Picture of athlete cycling

Open Access research with a real impact on health...

The Strathprints institutional repository is a digital archive of University of Strathclyde's Open Access research outputs. Strathprints provides access to thousands of Open Access research papers by Strathclyde researchers, including by researchers from the Physical Activity for Health Group based within the School of Psychological Sciences & Health. Research here seeks to better understand how and why physical activity improves health, gain a better understanding of the amount, intensity, and type of physical activity needed for health benefits, and evaluate the effect of interventions to promote physical activity.

Explore open research content by Physical Activity for Health...

The interactions of bisphosphonates in solution and as coatings on hydroxyapatite with osteoblasts

Ganguli, A. and Henderson, C. and Grant, M.H. and Meikle, S.T. and Lloyd, A.W. and Goldie, I. (2002) The interactions of bisphosphonates in solution and as coatings on hydroxyapatite with osteoblasts. Journal of Materials Science: Materials in Medicine, 13 (10). pp. 923-931. ISSN 0957-4530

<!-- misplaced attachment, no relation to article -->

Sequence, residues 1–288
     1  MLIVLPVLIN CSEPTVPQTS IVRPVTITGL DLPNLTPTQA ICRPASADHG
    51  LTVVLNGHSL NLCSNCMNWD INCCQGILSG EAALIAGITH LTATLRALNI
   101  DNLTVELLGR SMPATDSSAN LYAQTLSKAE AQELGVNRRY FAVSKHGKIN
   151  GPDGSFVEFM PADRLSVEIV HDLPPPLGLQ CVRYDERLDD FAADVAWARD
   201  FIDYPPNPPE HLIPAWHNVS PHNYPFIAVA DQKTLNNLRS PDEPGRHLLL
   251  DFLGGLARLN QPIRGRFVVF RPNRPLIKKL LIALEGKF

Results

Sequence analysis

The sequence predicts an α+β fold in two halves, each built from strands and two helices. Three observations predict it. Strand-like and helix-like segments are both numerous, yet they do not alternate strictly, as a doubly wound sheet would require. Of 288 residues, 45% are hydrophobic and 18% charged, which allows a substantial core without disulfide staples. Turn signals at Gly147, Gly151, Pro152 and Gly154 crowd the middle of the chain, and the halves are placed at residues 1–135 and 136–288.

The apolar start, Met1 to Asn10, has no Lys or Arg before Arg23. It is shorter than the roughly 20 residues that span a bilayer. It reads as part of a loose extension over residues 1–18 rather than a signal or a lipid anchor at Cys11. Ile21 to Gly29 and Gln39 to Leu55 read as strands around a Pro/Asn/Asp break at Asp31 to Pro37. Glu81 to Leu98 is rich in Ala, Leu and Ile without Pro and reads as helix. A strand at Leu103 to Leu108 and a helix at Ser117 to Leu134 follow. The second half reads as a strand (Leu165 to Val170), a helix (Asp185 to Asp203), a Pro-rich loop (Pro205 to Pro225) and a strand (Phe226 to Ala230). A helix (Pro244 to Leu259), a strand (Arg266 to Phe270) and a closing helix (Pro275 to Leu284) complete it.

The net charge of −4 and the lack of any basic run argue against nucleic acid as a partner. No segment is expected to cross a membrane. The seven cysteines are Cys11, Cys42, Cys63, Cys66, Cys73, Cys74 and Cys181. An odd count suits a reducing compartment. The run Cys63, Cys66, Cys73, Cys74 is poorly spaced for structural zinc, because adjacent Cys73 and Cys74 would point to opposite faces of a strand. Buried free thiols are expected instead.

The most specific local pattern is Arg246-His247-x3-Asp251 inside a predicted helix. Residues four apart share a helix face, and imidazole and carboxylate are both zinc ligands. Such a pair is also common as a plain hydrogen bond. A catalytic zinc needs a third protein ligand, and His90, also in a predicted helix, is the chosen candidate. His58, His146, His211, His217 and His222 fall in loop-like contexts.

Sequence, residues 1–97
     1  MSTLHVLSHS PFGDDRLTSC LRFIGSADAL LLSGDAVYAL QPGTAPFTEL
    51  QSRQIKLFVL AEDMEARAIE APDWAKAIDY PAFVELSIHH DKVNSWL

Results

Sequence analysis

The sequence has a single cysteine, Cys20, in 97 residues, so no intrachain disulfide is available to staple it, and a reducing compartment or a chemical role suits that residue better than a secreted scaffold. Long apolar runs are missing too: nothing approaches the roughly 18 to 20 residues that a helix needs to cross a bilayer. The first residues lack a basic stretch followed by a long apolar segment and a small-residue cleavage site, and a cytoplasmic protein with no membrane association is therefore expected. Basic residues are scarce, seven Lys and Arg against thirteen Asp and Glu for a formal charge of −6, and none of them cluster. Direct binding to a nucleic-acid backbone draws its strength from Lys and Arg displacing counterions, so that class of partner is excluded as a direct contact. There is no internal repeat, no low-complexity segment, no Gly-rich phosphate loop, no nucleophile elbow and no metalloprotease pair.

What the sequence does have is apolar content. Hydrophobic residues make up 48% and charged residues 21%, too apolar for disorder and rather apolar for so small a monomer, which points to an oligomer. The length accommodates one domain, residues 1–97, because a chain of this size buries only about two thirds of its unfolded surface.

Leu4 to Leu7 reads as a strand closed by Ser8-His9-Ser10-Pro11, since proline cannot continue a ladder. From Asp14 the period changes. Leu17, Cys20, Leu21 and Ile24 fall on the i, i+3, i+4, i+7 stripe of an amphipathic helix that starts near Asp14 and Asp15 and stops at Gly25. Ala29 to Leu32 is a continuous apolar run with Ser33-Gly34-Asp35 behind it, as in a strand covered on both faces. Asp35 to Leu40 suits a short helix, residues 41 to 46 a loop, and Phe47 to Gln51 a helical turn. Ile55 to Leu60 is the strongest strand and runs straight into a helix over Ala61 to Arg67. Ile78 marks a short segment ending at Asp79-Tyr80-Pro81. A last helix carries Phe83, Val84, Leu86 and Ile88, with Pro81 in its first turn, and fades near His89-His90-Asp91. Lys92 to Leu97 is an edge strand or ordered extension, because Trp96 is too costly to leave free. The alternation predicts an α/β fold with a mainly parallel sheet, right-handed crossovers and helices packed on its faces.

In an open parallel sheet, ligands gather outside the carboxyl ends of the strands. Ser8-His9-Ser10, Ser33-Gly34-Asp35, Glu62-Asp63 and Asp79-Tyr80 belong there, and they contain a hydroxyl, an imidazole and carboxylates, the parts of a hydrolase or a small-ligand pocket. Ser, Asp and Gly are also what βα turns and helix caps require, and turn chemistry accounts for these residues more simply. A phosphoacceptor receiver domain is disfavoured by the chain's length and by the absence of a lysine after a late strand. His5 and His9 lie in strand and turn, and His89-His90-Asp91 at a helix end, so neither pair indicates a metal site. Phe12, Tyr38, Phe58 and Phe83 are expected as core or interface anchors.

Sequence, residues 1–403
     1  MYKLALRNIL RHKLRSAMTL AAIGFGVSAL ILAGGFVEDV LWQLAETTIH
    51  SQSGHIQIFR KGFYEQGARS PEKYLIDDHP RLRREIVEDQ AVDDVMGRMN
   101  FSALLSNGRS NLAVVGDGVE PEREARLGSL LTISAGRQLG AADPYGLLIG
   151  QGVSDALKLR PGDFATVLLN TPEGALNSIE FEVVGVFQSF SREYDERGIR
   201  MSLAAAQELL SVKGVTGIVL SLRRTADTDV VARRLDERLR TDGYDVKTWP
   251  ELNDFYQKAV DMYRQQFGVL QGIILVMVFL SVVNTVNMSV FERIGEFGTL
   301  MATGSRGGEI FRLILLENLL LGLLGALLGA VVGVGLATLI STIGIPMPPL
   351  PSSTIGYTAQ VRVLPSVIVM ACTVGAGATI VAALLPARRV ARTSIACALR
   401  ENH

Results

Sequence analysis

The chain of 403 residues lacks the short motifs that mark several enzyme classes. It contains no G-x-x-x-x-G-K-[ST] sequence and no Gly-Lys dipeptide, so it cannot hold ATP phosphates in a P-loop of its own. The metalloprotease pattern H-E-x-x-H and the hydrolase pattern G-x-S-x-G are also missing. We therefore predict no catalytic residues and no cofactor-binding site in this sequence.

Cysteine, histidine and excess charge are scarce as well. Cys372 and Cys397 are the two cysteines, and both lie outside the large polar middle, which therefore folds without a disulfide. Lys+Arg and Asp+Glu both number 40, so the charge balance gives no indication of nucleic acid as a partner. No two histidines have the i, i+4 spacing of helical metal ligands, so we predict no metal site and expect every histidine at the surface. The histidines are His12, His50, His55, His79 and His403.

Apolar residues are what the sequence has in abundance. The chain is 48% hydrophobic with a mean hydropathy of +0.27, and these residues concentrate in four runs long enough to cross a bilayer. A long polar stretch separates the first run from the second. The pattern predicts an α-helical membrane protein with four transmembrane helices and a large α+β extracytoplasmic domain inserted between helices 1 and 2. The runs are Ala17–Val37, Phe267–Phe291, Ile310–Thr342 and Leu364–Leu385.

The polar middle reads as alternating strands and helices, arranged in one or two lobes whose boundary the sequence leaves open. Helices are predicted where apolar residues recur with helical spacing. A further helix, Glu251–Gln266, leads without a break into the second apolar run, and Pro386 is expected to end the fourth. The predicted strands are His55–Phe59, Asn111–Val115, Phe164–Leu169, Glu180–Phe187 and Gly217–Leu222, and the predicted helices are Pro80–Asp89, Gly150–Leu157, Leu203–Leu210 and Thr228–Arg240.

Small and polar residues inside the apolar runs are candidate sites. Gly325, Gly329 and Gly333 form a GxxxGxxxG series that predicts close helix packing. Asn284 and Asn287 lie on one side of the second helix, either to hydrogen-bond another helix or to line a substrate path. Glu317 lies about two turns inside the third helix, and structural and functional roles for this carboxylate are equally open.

Full text not available in this repository. Request a copy from the Strathclyde author

Abstract

Aseptic loosening is one of the major causes of failure of artificial hip joints, and it can occur for several reasons, including osteolysis of the bone tissue in response to stress shielding or cellular reactions to wear debris. Any treatment of the prosthesis which could minimize the osteolytic response of bone tissue may be able to extend the life-time of the implant. Bisphosphonates are potent inhibitors of osteoclastic bone resorption, and they bind avidly to hydroxyapatite (HA). Coating the prostheses with bisphosphonates may therefore inhibit osteolysis. We have investigated the potential for this approach by determining whether bisphosphonates interact with osteoblasts in vitro. The effects of pamidronate (P), clodronate (C), and etidronate (E) in solution and when coated onto HA were investigated. P inhibited protein and collagen syntheses potently when in solution, but not after being bound to HA. When bound to HA, both P and C increased DNA, protein and collagen syntheses of osteoblasts and may encourage the osseointegration of implants. The pharmacological effects of the bisphosphonates studied altered dramatically after binding to HA. This must be fully investigated before this approach to prolonging prostheses stability can be evaluated.